Review – Denim: The Reunion Tour
I’m not a fan of supergroups or reunions but put any reservations behind as the girls are back in town. We all know the names – Aphrodite, Crystal, Elektra, Glamrou and Shirley – and have missed them as they’ve gone off to their separate pursuits. The question is, can Denim: The Reunion Tour pull off a mixed audience in a hot, sweaty Edinburgh tent?
Review – From Today Everything Changes
This is a very sweet play. I know that sounds condescending or damning it with faint praise but that’s exactly what it is. This is a very human story but a tale well told and one I’m glad I saw.
Review – Phil Kay: Lighter Hour
The above show description only mentions about half the things Phil Kay covers during a breathless hour in Lighter Hour, while also not doing the performance justice. Kay runs through some of the events in the last year of his life, as well as some longer ago. As ever, he is a comic genius who is quick on his feet and able to interact with the audience.
Review – The Approach
The Approach features four coffee chats with three middle-aged Irish women, sisters Anna and Denise, plus their old friend Cora. The conversations take place just between two women at a time and go full circle.
Review – Check Up: Our NHS at 70
I see Mark Thomas every year and he never disappoints. This time though, he has excelled himself. How does anybody give you an 85 minute show that features a hefty amount of statistics while also making you glad, proud, horrified, hopeful and angry, while leaving you with aching sides from laughing and a desire to improve your own health? Simple, they have to be very, very good at what they do and on top of their game.
Review – Janis Joplin Full Tilt
I was really pleased to see that Janis Joplin Full Tilt was returning for this year’s Fringe. I saw this biographical play by writing/directing team Peter Arnott and Cora Bissett in 2014 and I was immediately tempted to see it again. When a friend said they wanted to go I jumped at the chance and I wasn’t disappointed.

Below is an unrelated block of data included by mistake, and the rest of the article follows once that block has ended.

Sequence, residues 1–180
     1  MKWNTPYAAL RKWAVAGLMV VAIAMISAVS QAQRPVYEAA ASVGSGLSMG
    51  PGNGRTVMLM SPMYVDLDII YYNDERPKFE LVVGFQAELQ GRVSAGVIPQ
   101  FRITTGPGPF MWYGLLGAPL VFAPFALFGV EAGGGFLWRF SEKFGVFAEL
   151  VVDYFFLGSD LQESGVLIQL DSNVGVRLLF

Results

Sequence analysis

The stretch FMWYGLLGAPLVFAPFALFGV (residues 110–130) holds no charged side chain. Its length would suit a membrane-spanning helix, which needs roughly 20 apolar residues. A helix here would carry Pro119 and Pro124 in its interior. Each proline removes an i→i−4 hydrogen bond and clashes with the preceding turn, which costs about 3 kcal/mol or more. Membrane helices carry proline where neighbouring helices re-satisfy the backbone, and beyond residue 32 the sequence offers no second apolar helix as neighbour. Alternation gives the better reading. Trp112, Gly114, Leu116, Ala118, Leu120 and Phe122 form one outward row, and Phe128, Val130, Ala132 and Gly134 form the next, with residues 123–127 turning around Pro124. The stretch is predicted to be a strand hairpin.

Review – Calling My Tribe
You don’t have to be in your late thirties/forties or be a parent to enjoy this show, but it helps. What you do need though is an understanding of UK culture over the last twenty-five years and preferably have lived through them. You need to know what a Global Hypercolour T-shirt is and how it was such a mind-blowing idea.
Review – The Establishment: Fool Britannia
The Establishment return to Edinburgh with the school day condensed into an hour and what a very silly sixty minutes it is. If you like Monty Python, Vic & Bob or the Mighty Boosh then you will like this. If you think two men spouting nonsense at each other and barely managing not to laugh at themselves is a waste of your time then don’t go to see it. I howled with laughter and am very glad I went.
Review – Archie Maddocks: Matchstick
Having come across Archie Maddocks for the first time last August, I added him to my list of shows to look for this time round. I’m glad he did because this was a great way to spend an hour. For a start, I have never laughed so much at the use of the word amateur in my life. He appreciated that more than my fellow audience members though. He also revealed the most disgusting thing to do to a banana that I’ve ever heard about.
Review – Show Up, Kids!
Peter Michael Marino has returned to the Fringe with Show Up, which I reviewed last year, plus added a children’s version of his an improvised show, along with Sally the Silly Song Singer, who one way or another manages to add to the fun the audience has.
Previews – Returning Shows from 2017
I generally don’t preview shows, simply because I want to see them first hand myself, not praise them based on what other people have said or what is written in a press release. One of the beauty of the Fringe though is that shows come back, either to get a wider audience, because the performers enjoyed it so much they want to do it again or to wring more cash out of old material. The latter doesn’t apply to the following three shows, which I think are well worth seeing.